Europeans are baffled by all this. Europe had those horrible religious wars in early modern Europe, and they put an end to it, saying that religion is what you do in your private life. In the United States, we developed from revival to revival. Our religions, like the Europeans', tend to grow more secular with time. But there's always a new preacher waiting in the wings to say, "Hey, gather around my tree stump, gather round my radio station, come to my television show, I've got a new form of salvation." The separation of church and state in the United States created a vibrant religious market, open to anyone with a good sermon. As a result, there's always a new religion on the American horizon.

What are the best examples of the politics of sin today?
One of them is the crime war. We've got 2 million people in jail. We lock up people up at four to five times the rate of other Western countries. The number of people in prison or jail on parole or probation comes to 6.3 million. That's one out of 33 adults in our criminal justice system. But if you look at our crime data, we're roughly average. You're more likely to have your stereo stolen in London than New York. For any crime you care to name, except murder, we are about average, and yet we lock people up at an extraordinary rate. Hold murder aside, because that's not enough to fill our jails, though we kill a lot more people than any other nation.

This suggests a society with very little tolerance for deviant behavior. When we think people are bad, they go to jail. The Supreme Court just upheld California's three strikes law. Some poor shlemiel who stole some videotapes is going away for life.

The drug war is another example. We arrest extraordinary numbers of people for smoking marijuana. Once people shift the image of the user, as in medical marijuana, then almost any state will vote it's okay. It's not the substance, it's the image of the user as a sinner.

Being a smoker these days is a good way to encounter American moralism.
There's nothing for getting a public health issue roaring than to find demons at the bottom of the public health problem. You can demonizer the producer or the user. In the drug war we do both. In the tobacco war we've demonized the peddler.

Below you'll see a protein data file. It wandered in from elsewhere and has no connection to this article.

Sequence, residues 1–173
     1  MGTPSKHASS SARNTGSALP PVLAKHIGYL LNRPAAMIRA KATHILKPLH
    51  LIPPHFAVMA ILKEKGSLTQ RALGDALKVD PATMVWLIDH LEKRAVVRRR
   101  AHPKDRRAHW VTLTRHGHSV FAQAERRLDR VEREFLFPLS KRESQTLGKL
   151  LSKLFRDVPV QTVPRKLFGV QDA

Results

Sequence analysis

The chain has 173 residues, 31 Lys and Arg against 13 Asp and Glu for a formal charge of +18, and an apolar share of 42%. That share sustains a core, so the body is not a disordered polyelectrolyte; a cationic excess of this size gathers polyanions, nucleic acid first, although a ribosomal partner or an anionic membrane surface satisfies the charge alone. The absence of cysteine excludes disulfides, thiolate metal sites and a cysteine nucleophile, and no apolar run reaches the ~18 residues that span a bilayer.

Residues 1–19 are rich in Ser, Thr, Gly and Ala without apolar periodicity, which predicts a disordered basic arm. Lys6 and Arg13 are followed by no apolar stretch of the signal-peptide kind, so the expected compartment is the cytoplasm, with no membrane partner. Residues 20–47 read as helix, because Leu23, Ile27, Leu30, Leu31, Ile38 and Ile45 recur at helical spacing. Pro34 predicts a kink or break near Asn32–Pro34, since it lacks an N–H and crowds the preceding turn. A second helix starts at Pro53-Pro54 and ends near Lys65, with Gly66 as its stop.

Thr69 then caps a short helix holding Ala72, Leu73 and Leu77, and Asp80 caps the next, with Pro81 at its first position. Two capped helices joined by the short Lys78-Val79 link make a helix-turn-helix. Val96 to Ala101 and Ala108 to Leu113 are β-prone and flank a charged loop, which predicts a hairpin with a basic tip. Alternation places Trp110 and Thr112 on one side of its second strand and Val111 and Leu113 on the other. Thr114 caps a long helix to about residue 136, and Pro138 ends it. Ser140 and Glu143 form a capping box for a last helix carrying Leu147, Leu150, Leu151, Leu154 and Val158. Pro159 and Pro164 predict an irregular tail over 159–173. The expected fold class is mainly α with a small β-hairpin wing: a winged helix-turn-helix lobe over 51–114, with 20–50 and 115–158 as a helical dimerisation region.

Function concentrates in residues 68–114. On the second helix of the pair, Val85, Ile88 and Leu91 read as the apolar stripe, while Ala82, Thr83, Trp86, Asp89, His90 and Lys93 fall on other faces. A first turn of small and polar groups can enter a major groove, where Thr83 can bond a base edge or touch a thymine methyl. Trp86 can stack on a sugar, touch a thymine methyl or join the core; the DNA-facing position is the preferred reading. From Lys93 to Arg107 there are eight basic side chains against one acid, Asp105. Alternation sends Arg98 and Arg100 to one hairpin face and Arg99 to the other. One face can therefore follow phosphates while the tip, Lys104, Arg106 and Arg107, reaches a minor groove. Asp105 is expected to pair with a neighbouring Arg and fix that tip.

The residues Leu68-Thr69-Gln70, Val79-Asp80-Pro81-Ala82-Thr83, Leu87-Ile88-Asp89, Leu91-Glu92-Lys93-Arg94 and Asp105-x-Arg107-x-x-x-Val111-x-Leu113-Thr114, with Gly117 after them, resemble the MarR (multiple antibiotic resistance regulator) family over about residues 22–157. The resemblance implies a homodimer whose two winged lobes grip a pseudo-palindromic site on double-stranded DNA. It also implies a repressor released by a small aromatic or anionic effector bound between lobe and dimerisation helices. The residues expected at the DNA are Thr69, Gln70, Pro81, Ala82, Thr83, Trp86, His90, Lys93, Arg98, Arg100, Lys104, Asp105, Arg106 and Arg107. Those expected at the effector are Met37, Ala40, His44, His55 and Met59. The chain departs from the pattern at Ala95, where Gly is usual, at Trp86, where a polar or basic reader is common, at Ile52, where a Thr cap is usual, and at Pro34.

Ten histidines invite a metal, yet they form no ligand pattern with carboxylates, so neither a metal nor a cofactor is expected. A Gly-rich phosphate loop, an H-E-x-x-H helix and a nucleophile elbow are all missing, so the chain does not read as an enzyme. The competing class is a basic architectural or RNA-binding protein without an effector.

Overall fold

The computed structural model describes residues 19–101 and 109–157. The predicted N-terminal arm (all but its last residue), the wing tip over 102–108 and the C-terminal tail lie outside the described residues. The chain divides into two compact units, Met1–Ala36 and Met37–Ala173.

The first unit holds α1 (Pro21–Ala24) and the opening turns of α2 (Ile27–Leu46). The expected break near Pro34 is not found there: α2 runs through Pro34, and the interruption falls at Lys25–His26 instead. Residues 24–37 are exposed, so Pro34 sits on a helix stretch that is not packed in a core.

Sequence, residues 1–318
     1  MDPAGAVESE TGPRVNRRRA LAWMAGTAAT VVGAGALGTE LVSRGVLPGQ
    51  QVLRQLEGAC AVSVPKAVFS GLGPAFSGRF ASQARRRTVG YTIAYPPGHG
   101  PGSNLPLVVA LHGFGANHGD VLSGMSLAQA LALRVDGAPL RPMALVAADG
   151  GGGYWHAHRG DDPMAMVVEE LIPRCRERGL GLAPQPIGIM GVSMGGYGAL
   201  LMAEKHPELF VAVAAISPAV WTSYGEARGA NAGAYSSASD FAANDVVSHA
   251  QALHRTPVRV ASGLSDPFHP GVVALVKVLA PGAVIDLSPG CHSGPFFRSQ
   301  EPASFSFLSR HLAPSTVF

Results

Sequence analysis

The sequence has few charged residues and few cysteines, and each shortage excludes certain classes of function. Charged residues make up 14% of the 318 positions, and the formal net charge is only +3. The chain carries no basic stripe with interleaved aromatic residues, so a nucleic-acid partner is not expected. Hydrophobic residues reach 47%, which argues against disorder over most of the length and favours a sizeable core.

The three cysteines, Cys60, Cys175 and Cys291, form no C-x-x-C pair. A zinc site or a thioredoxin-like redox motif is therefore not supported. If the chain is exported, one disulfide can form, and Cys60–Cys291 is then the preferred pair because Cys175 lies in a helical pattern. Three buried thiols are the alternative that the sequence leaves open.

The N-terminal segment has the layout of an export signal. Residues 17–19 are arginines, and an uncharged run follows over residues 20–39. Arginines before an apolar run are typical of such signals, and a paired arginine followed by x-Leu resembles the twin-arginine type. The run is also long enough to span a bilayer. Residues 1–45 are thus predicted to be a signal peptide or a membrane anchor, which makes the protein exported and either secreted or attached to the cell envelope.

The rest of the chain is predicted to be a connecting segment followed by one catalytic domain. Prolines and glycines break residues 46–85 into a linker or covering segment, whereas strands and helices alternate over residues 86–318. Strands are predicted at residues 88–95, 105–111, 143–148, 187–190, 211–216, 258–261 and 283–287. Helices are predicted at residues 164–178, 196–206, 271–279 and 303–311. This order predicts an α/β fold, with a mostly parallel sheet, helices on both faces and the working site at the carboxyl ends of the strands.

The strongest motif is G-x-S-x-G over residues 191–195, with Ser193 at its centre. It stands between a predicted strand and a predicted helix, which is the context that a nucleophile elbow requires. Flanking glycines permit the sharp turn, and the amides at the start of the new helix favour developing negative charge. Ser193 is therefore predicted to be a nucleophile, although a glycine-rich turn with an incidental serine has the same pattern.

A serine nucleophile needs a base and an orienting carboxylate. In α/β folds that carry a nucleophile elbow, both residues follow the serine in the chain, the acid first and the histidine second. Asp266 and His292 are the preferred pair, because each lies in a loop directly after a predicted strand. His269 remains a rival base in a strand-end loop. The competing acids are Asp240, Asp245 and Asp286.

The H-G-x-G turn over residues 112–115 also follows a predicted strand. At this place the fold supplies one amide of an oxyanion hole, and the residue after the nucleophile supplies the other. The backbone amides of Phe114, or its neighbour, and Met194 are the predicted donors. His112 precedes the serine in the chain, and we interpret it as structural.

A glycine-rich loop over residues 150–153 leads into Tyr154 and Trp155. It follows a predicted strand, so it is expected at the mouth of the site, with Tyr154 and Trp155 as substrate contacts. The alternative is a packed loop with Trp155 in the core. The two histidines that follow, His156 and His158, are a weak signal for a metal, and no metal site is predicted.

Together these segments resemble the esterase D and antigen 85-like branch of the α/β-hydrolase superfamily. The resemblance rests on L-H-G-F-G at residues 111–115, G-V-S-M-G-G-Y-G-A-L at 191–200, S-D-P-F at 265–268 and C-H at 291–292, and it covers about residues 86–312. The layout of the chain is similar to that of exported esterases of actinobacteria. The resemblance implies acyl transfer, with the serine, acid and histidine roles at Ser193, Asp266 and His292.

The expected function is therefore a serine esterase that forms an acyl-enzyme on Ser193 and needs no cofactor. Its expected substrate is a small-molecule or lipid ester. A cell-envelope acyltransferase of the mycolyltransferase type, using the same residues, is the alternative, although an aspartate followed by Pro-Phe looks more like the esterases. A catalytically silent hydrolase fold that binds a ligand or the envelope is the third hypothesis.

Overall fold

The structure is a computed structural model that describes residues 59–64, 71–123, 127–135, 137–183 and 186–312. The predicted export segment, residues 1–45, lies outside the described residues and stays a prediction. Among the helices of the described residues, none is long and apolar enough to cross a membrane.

Fat is the latest target. There's a moral issue people would have laughed at two and a half years ago. McDonalds is painted as a purveyor of fat, making children obese. In fact we do have an obesity problem and it has lots of causes. But is it a moral problem? I would have said not. It's a delicious American tale.

You say that limits on behavior have been more successful than total bans.
The really successful prohibitions are those that cut away at behavior--no smoking in bars, no smoking indoors, and before long, its' really hard to smoke. Alcohol is the same way. Most of America was dry before Prohibition. If Prohibition has never gone into effect, it would be interesting to see if you could buy a drink today anywhere in the South. Total prohibition went too far and mobilized the other side.

Similarly with abortion. There is a powerful army on either side, and the small victories are easier not just to win but to maintain, because they don't mobilize the other side.

One great lesson I've learned from reading American history is that the pendulum always seems to go back the other way. Just when it seems like one vision is going to transform the nation, lo and behold the momentum reverses. If you read from the 1960s about fundamentalism, it is written with such incredible scorn. This is something Clarence Darrow buried in the 1920s with the Scopes trial and only the most foolish atavistic wowser would go for that kind of small brain stuff. Twenty-five years later the fundamentalists could plausibly claim to be a moral majority--whether they were or not.

So whether you think your side is up or down, I'd say keep an eye on the future.